June 6, 2013
by Adam Silver, Kimberly Wright, Steven Flynn
McCalla Raymer, LLC – USFN Member (Georgia)
On Monday, May 20, 2013, the Georgia Supreme Court issued two important decisions clarifying lingering questions regarding the nonjudicial foreclose process in the state of Georgia.
Background — The Reese Case
The nonjudicial foreclose process in Georgia garnered considerable interest after the Georgia Court of Appeals decided the case of Reese v. Provident Funding Associates, LLP, 317 Ga. App. 353, 730 S.E.2d 551 (2012), interpreting a 2008 amendment to the nonjudicial foreclosure statutes to include the requirement that the “secured creditor” be included in the notice of foreclosure sale letter to the debtor (the pre-foreclosure notice). The language added by the 2008 amendment required, among other items, that an assignment to the secured creditor must be filed prior to the foreclosure sale, that the secured creditor send the pre-foreclosure notice to the debtor, and that the pre-foreclosure notice contain the name and contact information of the individual or entity with full authority to negotiate, amend, and modify all terms of the mortgage with the debtor.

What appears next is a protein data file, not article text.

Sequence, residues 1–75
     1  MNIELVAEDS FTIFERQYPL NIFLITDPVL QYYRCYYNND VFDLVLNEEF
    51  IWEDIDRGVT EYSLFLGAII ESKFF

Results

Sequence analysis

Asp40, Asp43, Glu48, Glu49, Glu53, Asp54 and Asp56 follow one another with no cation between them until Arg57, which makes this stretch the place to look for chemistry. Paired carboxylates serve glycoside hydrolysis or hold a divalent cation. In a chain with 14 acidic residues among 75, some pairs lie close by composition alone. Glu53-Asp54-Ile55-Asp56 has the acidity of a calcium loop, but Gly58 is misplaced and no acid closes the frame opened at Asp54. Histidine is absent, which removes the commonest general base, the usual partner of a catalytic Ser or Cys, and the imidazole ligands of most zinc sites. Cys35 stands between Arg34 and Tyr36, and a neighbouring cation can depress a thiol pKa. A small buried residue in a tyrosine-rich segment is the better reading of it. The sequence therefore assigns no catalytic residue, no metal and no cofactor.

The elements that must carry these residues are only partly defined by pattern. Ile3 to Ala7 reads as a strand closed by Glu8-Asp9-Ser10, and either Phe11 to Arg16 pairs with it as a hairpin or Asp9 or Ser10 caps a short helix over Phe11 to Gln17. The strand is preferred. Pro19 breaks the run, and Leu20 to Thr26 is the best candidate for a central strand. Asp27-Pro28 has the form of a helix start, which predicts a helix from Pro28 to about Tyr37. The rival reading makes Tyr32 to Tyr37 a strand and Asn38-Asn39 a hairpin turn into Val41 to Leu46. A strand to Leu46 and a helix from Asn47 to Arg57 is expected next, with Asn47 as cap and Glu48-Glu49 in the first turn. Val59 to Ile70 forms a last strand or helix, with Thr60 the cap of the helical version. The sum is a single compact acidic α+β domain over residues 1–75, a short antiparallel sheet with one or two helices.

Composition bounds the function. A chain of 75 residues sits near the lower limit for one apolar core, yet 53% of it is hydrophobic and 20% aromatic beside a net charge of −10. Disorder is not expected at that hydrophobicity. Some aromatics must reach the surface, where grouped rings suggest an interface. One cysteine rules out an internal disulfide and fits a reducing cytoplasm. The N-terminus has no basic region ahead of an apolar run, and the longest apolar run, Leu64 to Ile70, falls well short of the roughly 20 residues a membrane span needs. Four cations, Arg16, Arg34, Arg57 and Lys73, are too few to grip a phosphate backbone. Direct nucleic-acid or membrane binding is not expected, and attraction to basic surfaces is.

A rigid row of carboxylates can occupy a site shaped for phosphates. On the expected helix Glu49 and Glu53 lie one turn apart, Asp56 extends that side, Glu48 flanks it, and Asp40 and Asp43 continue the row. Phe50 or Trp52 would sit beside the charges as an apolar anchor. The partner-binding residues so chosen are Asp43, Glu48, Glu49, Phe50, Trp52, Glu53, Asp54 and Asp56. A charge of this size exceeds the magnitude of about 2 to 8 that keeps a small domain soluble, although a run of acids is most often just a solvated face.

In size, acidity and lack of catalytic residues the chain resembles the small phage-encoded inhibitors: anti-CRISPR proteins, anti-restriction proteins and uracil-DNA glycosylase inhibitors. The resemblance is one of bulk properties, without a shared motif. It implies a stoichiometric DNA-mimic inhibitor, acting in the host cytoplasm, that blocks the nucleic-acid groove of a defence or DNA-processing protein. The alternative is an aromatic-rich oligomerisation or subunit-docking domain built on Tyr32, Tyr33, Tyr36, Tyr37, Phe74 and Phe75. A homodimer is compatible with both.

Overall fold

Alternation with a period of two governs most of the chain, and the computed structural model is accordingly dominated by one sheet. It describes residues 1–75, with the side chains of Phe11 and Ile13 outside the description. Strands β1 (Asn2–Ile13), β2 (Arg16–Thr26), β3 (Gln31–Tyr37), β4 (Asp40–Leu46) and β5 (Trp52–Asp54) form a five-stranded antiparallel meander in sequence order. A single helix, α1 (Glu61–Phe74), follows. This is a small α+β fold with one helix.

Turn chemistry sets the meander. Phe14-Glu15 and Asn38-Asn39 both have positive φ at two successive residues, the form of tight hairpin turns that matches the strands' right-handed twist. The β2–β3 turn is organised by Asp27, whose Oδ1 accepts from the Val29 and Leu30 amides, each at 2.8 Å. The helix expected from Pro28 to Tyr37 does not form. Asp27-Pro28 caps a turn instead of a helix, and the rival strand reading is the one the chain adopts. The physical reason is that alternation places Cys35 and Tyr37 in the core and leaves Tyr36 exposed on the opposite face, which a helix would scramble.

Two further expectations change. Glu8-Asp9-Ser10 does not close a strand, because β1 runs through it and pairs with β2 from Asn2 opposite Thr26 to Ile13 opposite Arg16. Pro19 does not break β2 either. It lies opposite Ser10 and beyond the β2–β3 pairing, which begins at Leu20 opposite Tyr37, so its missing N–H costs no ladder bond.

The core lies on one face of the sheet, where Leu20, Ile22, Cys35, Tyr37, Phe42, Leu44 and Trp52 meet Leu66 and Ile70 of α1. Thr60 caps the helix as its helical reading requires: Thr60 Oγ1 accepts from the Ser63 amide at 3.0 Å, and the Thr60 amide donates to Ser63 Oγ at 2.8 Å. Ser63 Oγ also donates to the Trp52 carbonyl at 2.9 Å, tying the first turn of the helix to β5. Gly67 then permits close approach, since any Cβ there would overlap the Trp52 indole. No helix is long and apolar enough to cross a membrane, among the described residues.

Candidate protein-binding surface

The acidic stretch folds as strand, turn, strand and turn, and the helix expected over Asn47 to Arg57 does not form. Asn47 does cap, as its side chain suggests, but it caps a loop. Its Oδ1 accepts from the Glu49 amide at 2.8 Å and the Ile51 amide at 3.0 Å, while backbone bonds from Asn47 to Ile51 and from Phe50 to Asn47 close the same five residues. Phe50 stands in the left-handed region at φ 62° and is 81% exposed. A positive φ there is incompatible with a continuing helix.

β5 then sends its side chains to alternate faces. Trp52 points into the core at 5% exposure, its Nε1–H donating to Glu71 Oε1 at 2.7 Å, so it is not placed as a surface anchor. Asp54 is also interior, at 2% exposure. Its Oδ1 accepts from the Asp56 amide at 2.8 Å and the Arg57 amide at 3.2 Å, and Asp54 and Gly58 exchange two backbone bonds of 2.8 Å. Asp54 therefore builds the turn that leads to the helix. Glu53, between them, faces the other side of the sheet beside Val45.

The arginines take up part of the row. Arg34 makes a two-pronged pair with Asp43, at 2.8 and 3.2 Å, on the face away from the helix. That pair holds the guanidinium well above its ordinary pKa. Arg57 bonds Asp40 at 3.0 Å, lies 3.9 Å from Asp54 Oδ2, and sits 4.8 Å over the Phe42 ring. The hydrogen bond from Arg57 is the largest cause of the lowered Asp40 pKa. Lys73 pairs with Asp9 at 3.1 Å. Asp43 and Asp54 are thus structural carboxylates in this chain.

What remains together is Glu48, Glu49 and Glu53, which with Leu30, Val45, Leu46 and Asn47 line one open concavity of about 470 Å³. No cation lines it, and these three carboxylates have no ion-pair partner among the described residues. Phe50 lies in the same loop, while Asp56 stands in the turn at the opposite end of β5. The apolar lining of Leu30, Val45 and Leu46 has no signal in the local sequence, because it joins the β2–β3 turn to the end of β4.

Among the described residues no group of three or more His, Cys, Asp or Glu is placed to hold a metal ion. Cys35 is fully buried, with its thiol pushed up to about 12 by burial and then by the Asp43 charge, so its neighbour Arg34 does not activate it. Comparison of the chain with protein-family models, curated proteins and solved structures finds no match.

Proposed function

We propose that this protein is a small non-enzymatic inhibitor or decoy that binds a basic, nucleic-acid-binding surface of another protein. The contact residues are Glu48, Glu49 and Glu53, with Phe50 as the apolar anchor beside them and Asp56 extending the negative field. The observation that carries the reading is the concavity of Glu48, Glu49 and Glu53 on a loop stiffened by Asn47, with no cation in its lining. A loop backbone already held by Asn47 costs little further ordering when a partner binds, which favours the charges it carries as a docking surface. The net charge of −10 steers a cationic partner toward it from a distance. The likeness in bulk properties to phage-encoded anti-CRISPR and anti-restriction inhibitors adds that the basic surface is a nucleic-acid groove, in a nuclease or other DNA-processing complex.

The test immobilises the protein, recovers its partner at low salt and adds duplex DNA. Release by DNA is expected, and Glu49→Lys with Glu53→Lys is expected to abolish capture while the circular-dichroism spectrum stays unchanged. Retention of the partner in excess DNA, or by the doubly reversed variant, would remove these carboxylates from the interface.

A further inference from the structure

The 2008 amendments to the Georgia foreclosure statutes were made by the Georgia General Assembly in order to provide more transparency in the foreclosure process for the benefit of the debtor. See, e.g., O.C.G.A. § 44-14-162.2. In Reese, the Georgia Court of Appeals, citing this legislative desire for additional transparency, read an additional requirement into the statute that the “secured creditor” must also be identified in the pre-foreclosure notice. Id. at 355, 730 S.E.2d at 552. However, despite the legislature’s use of the term “secured creditor” in multiple places within the Georgia foreclosure statutes, the term “secured creditor” is not defined in the relevant provisions of the Georgia Code.
In Reese, the court held that the “secured creditor” must be identified in the pre-foreclosure notice, in addition to the entity or individual with the full authority to negotiate, amend, or modify the terms of the mortgage with the debtor. Id. at 359, 730 S.E.2d at 555. In dicta, the Reese court deemed to equate the term “secured creditor” with the “owner” of the loan, which created a substantial question of who is authorized to foreclose under Georgia law. Id. at 355-56, 730 S.E.2d 553. A petition for certiorari to the Georgia Supreme Court was filed on August 20, 2012.